As we turn from the Jordan valley, into the steep road that leads to Bethany and Jerusalem, and consider our Lord's lact journey over that rugged and ascending way, three pictures rise in succession before the Christian imagination—the journey toward Jerusalem, the feast at Bethany, and the rich gift of Mary, the sister of Lazarus. Briefly, and in order, we bring these scenes to mind. 1. THE JOURNEY.

No words could surpass in simplicity, beauty, and dramatic power, those in which the evangelists describe that last journey. Jesus “stedfastly set his face” to this journey, against the silent ‘appeal that followed Peter's passionately uttered protest. “Be it far from thee, Lord; this shall not be unto thee,” their mute and sorrowful wonder cried at every step. He went before them, and they were amazed; but they had ceased to forbid. Yet was there dumb pleading and protest in their faces, growing more and more into submission and despair.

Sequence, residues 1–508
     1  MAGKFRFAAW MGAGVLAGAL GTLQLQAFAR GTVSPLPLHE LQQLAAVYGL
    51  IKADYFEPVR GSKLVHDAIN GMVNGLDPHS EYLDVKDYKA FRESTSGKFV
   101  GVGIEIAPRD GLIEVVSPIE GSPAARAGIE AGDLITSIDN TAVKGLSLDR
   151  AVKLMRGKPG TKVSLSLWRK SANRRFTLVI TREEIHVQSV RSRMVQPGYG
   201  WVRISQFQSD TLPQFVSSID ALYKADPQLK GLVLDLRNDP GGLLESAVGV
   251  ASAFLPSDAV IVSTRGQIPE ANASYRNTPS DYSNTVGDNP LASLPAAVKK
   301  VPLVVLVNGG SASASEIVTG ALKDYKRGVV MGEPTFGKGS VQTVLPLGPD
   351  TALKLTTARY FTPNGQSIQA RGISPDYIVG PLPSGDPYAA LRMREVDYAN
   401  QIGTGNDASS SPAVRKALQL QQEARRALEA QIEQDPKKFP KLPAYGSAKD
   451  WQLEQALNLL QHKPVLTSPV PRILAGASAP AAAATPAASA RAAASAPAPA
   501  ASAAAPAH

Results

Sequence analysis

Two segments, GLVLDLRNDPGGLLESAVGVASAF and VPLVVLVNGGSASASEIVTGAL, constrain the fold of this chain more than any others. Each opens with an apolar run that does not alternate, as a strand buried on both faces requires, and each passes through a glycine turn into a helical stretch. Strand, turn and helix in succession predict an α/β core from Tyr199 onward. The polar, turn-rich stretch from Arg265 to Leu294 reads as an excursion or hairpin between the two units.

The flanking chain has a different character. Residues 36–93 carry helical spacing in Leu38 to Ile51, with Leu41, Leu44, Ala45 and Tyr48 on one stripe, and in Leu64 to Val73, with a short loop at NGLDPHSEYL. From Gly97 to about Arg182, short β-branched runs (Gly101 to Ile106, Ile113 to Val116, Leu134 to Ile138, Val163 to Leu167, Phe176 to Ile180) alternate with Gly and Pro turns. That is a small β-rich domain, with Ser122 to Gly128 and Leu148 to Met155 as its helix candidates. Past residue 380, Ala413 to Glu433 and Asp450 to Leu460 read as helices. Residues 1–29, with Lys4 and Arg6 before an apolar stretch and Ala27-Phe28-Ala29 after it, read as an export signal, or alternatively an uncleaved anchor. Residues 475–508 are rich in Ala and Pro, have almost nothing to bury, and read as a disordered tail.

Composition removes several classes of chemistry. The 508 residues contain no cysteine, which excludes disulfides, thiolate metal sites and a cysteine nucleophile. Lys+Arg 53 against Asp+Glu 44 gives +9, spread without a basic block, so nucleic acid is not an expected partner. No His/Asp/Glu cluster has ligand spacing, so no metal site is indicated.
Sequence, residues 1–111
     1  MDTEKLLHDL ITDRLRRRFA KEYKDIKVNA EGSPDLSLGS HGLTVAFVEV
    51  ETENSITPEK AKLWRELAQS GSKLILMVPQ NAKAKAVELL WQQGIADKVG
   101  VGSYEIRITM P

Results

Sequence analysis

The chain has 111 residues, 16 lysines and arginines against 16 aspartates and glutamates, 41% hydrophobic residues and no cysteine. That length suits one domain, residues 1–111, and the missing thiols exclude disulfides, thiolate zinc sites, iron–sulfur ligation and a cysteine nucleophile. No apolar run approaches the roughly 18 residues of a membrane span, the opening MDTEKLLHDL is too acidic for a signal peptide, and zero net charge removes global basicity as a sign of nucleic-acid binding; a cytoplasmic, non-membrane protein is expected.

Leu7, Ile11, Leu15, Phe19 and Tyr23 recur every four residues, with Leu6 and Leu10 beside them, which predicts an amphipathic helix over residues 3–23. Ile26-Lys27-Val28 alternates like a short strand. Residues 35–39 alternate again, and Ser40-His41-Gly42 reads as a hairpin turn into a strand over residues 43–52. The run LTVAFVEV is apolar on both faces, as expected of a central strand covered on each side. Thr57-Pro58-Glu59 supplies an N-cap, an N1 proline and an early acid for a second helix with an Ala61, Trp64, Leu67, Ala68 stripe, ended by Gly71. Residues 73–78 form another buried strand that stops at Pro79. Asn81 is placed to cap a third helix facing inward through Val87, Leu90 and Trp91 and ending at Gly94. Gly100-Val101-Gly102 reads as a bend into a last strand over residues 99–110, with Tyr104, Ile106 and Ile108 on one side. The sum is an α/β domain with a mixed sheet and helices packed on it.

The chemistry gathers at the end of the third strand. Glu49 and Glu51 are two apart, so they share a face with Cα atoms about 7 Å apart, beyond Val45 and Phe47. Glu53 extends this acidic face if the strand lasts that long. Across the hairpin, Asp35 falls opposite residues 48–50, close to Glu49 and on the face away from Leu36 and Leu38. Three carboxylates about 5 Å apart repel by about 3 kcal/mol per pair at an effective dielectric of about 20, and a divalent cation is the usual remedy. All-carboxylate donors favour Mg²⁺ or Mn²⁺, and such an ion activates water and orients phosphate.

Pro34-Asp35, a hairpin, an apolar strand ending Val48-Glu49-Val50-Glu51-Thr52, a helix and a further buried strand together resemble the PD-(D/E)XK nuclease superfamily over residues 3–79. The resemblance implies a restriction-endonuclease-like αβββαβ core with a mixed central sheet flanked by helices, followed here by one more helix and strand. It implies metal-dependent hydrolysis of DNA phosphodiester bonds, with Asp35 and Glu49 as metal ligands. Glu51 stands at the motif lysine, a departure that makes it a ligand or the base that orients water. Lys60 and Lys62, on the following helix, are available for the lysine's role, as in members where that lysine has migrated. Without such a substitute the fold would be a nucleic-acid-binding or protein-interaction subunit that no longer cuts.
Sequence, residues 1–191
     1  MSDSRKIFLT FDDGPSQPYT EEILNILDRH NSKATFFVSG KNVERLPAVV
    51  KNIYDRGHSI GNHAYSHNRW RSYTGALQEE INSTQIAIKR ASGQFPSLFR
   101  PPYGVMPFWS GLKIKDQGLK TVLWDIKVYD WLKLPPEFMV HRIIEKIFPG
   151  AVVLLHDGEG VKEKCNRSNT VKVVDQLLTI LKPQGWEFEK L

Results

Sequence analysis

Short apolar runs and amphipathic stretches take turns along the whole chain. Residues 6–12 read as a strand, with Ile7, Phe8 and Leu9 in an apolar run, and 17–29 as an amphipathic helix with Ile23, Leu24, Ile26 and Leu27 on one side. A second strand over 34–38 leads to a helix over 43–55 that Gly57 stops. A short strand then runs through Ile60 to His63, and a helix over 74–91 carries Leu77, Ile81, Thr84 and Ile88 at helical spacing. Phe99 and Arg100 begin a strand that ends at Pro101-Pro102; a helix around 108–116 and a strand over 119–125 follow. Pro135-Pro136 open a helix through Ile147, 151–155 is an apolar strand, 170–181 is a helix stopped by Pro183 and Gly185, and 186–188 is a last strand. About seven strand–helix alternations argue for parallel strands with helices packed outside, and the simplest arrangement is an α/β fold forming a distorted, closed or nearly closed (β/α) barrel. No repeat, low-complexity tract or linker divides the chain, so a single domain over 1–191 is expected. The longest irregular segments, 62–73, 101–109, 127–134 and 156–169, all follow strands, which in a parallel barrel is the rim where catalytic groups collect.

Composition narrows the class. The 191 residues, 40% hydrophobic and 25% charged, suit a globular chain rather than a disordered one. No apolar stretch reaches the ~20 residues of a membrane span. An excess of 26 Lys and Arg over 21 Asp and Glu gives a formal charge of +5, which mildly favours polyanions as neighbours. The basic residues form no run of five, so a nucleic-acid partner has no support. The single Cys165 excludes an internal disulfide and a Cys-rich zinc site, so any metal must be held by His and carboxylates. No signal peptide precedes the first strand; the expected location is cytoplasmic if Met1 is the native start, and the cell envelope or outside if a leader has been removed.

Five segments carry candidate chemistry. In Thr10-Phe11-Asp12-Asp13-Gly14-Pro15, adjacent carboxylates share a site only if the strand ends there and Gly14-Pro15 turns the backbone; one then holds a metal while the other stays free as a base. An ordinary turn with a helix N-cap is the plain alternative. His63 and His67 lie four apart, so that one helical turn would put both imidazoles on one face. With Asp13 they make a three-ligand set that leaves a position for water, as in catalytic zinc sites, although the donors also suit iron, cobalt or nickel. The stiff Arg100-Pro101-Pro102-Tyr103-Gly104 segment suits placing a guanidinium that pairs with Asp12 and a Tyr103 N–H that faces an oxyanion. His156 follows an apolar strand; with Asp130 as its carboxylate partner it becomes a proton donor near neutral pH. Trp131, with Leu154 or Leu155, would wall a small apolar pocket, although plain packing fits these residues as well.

“Let us go with him, that we may die with him," cried Thomas, whom, all too cruelly, we remember as the doubter. And they walked, not beside him, for the way was not wide, and he had a path which he must tread alone, but they walked in his steps. They had followed him for months, and faithfully. Let not the memory of their frailties blot out our just recognition of their fidelity. Earth has few more beautiful examples of loyalty than they displayed. Only the true record of the few times they failed holds it in its precious place in the list of human affections, fallible and within the reach of common men, but closely approaching the love they learned from the Lord himself. They followed him while the crowds were growing, and after the multitudes had departed. They followed him when they had hope of crowns and thrones; and after he had told them of the cross and shame. They followed him with expectation of shaiing his glory; and now they were going with him that they might die with him. Now and then their old